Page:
In Good News, Bad News (2012), Mack experimented with minimalism, creating text from the titular phrases alone; here, he challenges himself to dialogue created from just two letters of the alphabet, doubled and continually rearranged.
A chase leads to the actions that elicit the exclamatory responses from the protagonist (a frog) and the other creatures. On the front endpaper, the amphibian floats lazily in a pond: “AAHH!” When a child and his pet come along and squeeze the web-footed victim into a jar, the dog thinks: “AH HA!” As the frog escapes and searches for refuge, each page turn reveals that the supposed “resting place” is actually a new threat; the innocent-looking log turns out to be a snapping crocodile, for instance. When the hero ultimately lunges for the safety of the jar, he shouts a triumphant “HA HA!” to the incredulous animals he has outsmarted. The closing endpapers reveal a circular resolution. Mack’s mixed-media scenes are filled with bold diagonal lines that explode with energy and caricatures that leap or stretch across the gutter. The surprise of each metamorphosis and the resourcefulness of the plucky hero will engage young viewers, while beginning readers will find the elegant simplicity of the text rewarding and clever. Speech bubbles change color according to the voice.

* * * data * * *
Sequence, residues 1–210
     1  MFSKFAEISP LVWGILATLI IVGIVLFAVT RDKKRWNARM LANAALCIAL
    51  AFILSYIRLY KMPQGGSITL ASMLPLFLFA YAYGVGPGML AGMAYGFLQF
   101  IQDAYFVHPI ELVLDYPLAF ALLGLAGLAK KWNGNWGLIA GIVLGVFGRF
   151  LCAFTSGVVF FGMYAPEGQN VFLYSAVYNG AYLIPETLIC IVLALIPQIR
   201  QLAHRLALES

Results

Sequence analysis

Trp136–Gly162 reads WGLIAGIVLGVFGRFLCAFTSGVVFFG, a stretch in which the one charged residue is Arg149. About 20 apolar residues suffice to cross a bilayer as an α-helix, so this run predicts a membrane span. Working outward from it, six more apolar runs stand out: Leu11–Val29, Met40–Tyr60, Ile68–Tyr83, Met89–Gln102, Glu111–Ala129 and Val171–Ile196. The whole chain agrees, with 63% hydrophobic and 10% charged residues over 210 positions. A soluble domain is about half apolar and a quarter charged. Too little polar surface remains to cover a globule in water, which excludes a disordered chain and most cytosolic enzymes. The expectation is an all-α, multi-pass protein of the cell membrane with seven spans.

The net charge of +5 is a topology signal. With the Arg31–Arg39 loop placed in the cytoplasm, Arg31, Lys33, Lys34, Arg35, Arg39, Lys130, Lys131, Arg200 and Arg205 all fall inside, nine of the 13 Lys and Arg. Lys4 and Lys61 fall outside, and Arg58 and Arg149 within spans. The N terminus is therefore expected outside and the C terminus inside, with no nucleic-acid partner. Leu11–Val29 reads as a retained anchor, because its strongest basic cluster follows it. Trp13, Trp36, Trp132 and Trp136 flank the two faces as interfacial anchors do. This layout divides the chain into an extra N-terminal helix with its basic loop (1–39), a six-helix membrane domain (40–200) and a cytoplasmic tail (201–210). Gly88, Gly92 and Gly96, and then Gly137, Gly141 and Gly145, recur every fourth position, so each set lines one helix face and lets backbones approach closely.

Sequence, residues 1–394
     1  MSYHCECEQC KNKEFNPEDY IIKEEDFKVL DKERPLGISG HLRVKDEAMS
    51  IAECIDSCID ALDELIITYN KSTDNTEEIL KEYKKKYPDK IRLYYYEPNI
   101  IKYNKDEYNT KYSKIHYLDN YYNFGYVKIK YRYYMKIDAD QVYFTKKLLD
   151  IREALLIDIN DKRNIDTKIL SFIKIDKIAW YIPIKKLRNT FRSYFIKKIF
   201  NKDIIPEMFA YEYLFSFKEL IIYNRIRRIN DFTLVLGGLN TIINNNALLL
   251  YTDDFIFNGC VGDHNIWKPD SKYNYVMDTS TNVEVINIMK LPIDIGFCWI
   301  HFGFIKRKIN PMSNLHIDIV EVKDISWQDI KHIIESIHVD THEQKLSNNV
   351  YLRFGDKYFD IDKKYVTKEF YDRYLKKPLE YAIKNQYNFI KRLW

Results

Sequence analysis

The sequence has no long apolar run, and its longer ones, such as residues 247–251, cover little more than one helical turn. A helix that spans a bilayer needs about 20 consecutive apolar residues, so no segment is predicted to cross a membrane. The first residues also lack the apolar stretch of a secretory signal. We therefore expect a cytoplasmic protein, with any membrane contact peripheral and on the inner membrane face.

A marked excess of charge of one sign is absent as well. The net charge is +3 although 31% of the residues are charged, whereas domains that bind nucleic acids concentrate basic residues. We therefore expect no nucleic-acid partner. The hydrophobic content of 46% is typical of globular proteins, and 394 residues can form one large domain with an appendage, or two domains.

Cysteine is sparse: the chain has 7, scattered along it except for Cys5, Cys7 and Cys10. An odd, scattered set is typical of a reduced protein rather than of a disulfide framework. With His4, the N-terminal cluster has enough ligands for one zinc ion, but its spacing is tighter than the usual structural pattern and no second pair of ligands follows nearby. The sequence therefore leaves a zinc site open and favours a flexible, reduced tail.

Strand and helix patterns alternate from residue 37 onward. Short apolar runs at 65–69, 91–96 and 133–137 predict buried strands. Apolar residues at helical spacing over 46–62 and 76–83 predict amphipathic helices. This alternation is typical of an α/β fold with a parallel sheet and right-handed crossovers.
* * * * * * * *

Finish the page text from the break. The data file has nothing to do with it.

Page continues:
The ecologically sound and emotionally satisfying ending is sure to please all ages. (Picture book. 2-6)